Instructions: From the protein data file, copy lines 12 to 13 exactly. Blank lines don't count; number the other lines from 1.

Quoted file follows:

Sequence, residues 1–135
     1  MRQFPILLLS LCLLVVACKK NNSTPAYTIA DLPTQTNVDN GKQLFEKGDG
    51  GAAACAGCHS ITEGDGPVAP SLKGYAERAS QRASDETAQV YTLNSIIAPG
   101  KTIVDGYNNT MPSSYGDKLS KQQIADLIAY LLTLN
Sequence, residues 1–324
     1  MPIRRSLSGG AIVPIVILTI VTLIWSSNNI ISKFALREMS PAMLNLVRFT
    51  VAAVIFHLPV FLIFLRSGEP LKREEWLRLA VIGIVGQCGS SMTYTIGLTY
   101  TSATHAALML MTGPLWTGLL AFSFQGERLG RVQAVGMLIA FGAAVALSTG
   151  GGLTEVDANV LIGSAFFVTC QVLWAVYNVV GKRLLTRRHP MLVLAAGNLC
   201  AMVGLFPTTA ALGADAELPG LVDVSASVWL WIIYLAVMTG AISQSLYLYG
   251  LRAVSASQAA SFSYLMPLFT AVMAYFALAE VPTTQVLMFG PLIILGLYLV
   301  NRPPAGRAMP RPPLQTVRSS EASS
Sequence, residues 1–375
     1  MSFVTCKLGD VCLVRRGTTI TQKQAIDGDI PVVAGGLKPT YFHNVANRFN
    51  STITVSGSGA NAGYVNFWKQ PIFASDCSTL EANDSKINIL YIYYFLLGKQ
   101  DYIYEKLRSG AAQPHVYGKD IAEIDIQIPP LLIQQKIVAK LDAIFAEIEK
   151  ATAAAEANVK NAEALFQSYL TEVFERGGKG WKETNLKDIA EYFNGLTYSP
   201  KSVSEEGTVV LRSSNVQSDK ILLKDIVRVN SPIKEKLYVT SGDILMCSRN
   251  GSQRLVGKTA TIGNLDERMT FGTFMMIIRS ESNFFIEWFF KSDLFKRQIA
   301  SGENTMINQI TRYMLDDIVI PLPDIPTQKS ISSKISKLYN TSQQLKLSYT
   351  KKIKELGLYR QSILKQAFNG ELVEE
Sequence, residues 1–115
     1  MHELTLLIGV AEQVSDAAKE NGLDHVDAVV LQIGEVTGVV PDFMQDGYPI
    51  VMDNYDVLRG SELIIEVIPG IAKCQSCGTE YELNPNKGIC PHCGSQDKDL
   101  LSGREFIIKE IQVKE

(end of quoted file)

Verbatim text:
   301  NRPPAGRAMP RPPLQTVRSS EASS
Sequence, residues 1–375